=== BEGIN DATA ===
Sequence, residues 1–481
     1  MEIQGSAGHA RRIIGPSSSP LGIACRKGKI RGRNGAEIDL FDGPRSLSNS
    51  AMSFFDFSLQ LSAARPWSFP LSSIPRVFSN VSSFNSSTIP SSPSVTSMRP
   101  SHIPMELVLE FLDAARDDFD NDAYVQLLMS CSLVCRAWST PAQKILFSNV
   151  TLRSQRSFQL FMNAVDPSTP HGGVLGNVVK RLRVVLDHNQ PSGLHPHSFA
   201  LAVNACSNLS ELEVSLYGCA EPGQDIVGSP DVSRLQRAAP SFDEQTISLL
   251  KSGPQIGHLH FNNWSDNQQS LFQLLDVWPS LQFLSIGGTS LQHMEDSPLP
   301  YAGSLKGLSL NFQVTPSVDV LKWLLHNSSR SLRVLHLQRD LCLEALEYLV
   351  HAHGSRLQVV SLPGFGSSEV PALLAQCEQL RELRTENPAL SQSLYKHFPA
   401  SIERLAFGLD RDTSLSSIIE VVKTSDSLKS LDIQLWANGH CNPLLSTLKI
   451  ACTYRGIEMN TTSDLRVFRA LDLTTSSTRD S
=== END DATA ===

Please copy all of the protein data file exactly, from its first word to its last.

Sequence, residues 1–481
     1  MEIQGSAGHA RRIIGPSSSP LGIACRKGKI RGRNGAEIDL FDGPRSLSNS
    51  AMSFFDFSLQ LSAARPWSFP LSSIPRVFSN VSSFNSSTIP SSPSVTSMRP
   101  SHIPMELVLE FLDAARDDFD NDAYVQLLMS CSLVCRAWST PAQKILFSNV
   151  TLRSQRSFQL FMNAVDPSTP HGGVLGNVVK RLRVVLDHNQ PSGLHPHSFA
   201  LAVNACSNLS ELEVSLYGCA EPGQDIVGSP DVSRLQRAAP SFDEQTISLL
   251  KSGPQIGHLH FNNWSDNQQS LFQLLDVWPS LQFLSIGGTS LQHMEDSPLP
   301  YAGSLKGLSL NFQVTPSVDV LKWLLHNSSR SLRVLHLQRD LCLEALEYLV
   351  HAHGSRLQVV SLPGFGSSEV PALLAQCEQL RELRTENPAL SQSLYKHFPA
   401  SIERLAFGLD RDTSLSSIIE VVKTSDSLKS LDIQLWANGH CNPLLSTLKI
   451  ACTYRGIEMN TTSDLRVFRA LDLTTSSTRD S